The Use of Power and the Possibility of Grace in Shakespeare’s “The Tempest” with Dr. Glenn Arbery

August 8, 2017

At the end of his life, William Shakespeare moved from what could be called his Tragedy period to his Romance period. While plays such as King Lear, Hamlet, and Macbeth end on stages strewn with dead bodies, the Romances including The Tempest end with the realization of hope beyond hope.

In such a world, Shakespeare imagined a great magician with immense power over the wind, the sea, and the lives of people including his enemies.

The Tempest, argues Wyoming Catholic College President Glenn Arbery, is the story of how the magician, Prospero, uses that power.

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Lecture: Prospero’s Return by Dr. Glenn Arbery

August 8, 2017

In Shakespeare’s The Tempest, Prospero, the rightful Duke of Milan tells his daughter Miranda the tale of how his brother, Antonio, usurped his title and put him and Miranda in a leaky boat to perish at sea. Instead, “by providence divine” they landed on an island. There Prospero became a great and powerful magician able even to control the wind and the sea.

As a fleet of ships passes by, he conjures a storm and brings Antonio and his other enemies to his island.

The story of what happens next is the topic of Wyoming Catholic College President Glenn Arbery’s lecture on The Tempest at the 2017 Wyoming School of Catholic Thought. Here it is in its entirety.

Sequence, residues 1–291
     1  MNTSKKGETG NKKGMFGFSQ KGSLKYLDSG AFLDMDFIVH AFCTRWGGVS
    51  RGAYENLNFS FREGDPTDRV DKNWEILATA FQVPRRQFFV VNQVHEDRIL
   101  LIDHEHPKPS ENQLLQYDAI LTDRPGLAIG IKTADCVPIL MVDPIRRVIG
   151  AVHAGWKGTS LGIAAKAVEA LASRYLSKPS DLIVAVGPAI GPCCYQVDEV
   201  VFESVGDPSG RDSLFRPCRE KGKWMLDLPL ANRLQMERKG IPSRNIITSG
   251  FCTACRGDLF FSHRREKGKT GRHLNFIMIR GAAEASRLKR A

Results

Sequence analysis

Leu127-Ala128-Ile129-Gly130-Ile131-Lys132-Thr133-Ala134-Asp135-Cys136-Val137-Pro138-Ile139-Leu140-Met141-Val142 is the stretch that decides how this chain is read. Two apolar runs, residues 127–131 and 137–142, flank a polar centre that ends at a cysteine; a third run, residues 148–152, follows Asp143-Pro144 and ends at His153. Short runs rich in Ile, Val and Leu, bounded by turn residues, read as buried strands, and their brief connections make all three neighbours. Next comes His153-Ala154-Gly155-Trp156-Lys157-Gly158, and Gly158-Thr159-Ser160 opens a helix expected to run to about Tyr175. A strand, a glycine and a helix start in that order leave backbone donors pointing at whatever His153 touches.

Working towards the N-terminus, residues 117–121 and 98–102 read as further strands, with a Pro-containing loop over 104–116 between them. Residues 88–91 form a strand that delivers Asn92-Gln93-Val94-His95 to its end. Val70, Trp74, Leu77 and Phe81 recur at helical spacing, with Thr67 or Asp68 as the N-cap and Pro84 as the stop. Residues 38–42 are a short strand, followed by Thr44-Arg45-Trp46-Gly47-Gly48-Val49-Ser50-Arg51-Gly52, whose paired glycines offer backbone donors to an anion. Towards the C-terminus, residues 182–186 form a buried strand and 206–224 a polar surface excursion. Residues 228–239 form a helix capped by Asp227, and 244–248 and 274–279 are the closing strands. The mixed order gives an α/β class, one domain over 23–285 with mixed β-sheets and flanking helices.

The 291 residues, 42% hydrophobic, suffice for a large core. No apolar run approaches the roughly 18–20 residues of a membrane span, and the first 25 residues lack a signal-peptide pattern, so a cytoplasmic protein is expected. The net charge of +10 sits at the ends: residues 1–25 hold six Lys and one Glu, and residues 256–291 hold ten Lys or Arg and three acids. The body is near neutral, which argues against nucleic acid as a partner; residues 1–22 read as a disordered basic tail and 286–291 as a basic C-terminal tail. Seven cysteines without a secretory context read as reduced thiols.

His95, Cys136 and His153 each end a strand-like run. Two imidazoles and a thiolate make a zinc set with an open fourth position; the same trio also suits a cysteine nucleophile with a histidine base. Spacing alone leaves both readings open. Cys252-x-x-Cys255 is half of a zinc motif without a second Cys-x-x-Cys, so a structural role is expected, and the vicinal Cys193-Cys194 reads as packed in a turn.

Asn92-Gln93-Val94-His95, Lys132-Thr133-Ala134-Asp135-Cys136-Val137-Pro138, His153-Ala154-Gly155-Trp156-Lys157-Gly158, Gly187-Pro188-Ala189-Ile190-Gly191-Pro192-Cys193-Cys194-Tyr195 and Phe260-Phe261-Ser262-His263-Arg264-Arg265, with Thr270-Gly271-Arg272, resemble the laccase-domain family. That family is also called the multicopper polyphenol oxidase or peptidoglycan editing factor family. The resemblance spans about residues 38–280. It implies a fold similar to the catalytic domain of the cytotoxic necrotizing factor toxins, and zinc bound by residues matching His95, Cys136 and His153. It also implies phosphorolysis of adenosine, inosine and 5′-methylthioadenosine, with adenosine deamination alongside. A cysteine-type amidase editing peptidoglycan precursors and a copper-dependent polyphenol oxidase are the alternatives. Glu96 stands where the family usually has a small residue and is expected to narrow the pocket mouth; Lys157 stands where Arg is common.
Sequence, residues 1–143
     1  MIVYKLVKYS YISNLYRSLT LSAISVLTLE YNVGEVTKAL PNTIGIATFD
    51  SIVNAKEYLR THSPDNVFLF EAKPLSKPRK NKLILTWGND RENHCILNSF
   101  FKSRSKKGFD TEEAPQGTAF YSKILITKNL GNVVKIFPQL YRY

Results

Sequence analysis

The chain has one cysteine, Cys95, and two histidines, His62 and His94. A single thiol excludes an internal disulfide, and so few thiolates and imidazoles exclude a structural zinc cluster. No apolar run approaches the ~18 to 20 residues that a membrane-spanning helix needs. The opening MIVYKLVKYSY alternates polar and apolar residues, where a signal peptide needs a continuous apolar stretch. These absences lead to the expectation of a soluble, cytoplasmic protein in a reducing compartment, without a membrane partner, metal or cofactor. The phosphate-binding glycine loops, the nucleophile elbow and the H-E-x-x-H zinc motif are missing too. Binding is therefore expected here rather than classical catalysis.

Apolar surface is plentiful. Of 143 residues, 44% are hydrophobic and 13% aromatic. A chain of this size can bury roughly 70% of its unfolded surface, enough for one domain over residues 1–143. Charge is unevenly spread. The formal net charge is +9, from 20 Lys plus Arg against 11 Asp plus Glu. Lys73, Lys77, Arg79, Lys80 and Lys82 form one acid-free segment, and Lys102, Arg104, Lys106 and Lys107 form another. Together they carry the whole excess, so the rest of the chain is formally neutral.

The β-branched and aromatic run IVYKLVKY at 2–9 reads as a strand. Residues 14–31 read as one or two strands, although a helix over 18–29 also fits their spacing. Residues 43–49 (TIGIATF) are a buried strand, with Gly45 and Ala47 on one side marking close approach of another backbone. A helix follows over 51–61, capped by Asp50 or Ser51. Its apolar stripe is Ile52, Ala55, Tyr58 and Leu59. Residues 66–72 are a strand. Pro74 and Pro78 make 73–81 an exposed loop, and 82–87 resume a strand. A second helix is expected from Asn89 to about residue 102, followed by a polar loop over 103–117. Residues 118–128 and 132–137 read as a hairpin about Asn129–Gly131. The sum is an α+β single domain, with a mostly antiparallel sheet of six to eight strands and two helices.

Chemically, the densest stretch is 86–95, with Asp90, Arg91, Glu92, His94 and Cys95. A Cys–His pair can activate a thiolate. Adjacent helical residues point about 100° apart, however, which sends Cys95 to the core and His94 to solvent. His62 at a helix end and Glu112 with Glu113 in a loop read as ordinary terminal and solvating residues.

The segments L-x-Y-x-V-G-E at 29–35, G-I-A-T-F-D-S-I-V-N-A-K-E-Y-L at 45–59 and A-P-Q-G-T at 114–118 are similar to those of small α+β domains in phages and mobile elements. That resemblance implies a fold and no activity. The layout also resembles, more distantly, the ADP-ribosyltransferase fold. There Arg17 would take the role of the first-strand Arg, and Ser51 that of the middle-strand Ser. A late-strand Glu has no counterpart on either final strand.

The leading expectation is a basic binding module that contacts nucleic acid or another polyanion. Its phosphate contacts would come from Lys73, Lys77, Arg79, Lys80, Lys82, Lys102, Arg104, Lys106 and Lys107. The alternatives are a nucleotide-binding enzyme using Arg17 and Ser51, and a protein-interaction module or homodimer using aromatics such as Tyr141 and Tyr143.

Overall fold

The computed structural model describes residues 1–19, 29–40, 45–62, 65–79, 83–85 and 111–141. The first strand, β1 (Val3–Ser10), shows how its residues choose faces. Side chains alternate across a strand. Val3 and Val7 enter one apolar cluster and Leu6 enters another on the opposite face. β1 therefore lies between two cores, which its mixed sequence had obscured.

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The Puritans, the Exodus, and the American Experience with Dr. Virginia Arbery

August 1, 2017

Who are we as Americans? Dr. Virginia Arbery, Associate Professor of Humanities at Wyoming Catholic College points out that the New England Puritan self-understanding is the root of our American self-understanding. Their sense of an exodus from England with a new beginning in the New World to found “A City on a Hill,” a New Jerusalem, remains with us today. Dr. Virginia Arbery is our guest on this edition of The After Dinner Scholar.

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Lecture: The Exodus and America by Dr. Virginia Arbery

August 1, 2017

That imagery of the Exodus goes far beyond Moses leading the people of Israel in about 1446 BC. It was alive and well on the shores of New England in 1630 and remains with us today as what Wyoming Catholic College professor Dr. Virginia Arbery calls “the root of American self-understanding.”

Dr. Arbery spoke about the New England Puritans and the imagery of the Exodus at the Wyoming School of Catholic Thought this past June. Here is her lecture in its entirety.

The documents Dr. Arbery cites in her lecture are: The Mayflower Compact, "A Model of Christian Charity" by Governor John Winthrop and The Life of William Bradford and The Life of John Winthrop both from Cotton Mather's Magnalia Christi Americana

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Lecture: Romano Guardini and the Modern World by Dr. Thaddeus Kozinski

July 25, 2017

The question of how Christians should live in our current era is a live and open one. At the 2017 Wyoming School of Catholic Thought, Dr. Thaddeus Kozinski our Academic Dean spoke about Romano Guardini, Charles Taylor, our current culture, and the options we can consider. Here is his lecture in its entirety.